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Biomass, Shoot-Production and Grazing of Two Grasslands in the Rwenzori National Park, Uganda

R. G. Strugnell and C. D. Pigott
Journal of Ecology
Vol. 66, No. 1 (Mar., 1978), pp. 73-96
DOI: 10.2307/2259182
Stable URL: http://www.jstor.org/stable/2259182
Page Count: 26
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Biomass, Shoot-Production and Grazing of Two Grasslands in the Rwenzori National Park, Uganda
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Abstract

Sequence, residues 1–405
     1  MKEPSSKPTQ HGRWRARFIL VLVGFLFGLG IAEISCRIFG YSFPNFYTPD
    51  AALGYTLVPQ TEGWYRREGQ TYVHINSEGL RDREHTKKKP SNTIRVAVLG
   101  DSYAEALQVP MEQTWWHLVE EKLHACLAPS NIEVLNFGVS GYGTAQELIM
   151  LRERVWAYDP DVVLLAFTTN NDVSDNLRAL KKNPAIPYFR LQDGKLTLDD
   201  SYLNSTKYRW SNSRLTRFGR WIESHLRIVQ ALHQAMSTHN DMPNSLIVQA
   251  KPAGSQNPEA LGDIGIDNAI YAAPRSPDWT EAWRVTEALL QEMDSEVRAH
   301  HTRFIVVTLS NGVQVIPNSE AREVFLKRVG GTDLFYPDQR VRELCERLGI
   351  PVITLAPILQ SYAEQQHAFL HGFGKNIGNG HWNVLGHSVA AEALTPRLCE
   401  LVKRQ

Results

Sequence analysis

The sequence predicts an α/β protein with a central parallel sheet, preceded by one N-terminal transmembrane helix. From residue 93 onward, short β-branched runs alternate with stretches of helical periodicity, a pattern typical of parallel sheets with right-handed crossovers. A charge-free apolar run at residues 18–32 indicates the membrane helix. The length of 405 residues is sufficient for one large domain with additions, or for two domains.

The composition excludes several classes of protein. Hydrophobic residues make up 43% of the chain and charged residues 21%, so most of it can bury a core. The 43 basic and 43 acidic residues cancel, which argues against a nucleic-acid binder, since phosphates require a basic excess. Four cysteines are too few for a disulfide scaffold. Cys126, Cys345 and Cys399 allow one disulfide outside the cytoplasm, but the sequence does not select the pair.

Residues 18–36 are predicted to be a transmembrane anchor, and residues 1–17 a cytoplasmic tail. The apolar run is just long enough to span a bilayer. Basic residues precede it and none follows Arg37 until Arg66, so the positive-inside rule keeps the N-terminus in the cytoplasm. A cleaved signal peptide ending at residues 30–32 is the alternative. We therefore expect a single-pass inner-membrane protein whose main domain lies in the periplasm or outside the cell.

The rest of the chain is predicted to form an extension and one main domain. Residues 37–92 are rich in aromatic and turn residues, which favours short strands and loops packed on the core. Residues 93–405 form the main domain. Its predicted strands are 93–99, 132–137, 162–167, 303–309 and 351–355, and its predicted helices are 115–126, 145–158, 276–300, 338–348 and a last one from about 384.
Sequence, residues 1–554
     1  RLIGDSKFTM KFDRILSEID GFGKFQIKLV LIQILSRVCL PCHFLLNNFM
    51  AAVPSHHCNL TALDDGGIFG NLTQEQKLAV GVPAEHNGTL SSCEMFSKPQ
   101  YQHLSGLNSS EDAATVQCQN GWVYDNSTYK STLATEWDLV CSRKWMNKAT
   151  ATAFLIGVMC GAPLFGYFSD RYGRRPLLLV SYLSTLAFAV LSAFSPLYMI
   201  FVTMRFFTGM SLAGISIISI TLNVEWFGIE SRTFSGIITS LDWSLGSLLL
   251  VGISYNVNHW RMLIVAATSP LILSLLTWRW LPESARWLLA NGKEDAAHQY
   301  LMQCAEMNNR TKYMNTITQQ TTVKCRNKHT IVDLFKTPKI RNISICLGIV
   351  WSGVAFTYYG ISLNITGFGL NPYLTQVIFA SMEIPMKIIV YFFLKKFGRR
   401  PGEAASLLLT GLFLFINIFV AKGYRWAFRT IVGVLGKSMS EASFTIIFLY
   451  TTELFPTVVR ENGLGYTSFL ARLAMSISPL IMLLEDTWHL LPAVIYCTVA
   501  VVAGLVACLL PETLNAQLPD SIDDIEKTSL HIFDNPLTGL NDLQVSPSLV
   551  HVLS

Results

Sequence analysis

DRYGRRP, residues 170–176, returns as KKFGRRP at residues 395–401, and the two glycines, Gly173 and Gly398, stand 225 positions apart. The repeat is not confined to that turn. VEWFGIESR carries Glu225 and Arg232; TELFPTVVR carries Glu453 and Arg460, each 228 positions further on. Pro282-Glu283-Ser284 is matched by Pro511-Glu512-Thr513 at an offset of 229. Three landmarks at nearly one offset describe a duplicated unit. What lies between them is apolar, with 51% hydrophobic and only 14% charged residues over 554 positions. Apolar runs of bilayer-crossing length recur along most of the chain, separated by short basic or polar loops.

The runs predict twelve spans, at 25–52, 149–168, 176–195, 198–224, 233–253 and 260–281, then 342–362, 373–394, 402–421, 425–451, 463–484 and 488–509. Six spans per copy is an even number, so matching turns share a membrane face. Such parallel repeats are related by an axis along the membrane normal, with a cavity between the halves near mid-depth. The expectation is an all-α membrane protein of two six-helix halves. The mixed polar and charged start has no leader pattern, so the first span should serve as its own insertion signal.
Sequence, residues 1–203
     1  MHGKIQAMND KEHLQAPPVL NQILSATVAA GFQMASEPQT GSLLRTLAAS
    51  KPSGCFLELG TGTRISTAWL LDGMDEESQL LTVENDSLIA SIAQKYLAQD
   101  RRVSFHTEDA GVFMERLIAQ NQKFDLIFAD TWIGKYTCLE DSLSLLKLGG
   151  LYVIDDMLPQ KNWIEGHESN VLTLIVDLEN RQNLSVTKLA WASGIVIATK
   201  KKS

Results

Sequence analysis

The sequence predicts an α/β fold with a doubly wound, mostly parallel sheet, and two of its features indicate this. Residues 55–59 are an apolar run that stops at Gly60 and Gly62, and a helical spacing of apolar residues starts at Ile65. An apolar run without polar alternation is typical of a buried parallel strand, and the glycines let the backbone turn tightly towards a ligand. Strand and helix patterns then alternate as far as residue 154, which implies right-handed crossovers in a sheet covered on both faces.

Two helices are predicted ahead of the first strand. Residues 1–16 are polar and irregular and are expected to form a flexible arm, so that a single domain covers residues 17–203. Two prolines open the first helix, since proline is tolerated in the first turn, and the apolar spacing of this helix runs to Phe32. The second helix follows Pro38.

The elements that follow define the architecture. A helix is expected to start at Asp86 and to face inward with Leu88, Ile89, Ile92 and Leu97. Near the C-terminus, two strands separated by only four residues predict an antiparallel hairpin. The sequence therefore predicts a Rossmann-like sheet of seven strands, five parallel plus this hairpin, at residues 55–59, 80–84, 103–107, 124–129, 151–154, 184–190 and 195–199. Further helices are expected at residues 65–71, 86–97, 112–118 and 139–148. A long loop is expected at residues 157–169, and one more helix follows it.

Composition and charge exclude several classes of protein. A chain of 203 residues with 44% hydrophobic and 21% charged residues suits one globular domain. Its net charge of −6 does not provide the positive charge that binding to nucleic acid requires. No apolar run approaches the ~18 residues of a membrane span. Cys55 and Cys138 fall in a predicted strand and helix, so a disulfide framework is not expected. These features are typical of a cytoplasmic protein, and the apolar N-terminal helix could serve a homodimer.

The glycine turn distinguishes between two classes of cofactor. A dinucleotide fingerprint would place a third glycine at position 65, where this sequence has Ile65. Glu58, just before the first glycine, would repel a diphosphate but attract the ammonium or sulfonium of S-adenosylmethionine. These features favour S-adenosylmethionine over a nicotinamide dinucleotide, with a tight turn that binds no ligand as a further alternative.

(1) In grasslands in Uganda dominated by Hyparrhenia filipendula and Themeda triandra, biomass of shoots increases to about 0.5-0.7 kg m-2 in the rainy season without grazing, and to about half this value with grazing. Maximum leaf-area index in ungrazed grassland generally does not exceed 3.0. Biomass of roots varies seasonally from 0.5 to 2.0 kg m-2. (2) In this grassland, and in grassland dominated by Sporobolus pyramidalis and Chloris gayana, the quantities of dry matter which can be harvested by successive monthly cuts at 5 or 20 cm above the ground vary from almost nothing in dry seasons to the equivalent of 4 or 2 g m-2 per day dry matter production respectively in rainy seasons. (3) These values are for grassland not grazed by large animals; with grazing the rates are approximately halved, and the differences provide estimates of the rates of natural grazing. (4) The mean values for the rate of grazing throughout the year are of the same order of magnitude as values calculated from estimates of the energy requirements of the biomass of large mammals on the sites. (5) Monthly production of dry matter and protein are significantly correlated with rainfall, giving regression constants of 6.8 g m-2 dry matter and 0.56 g m-2 protein per month per cm of rain.

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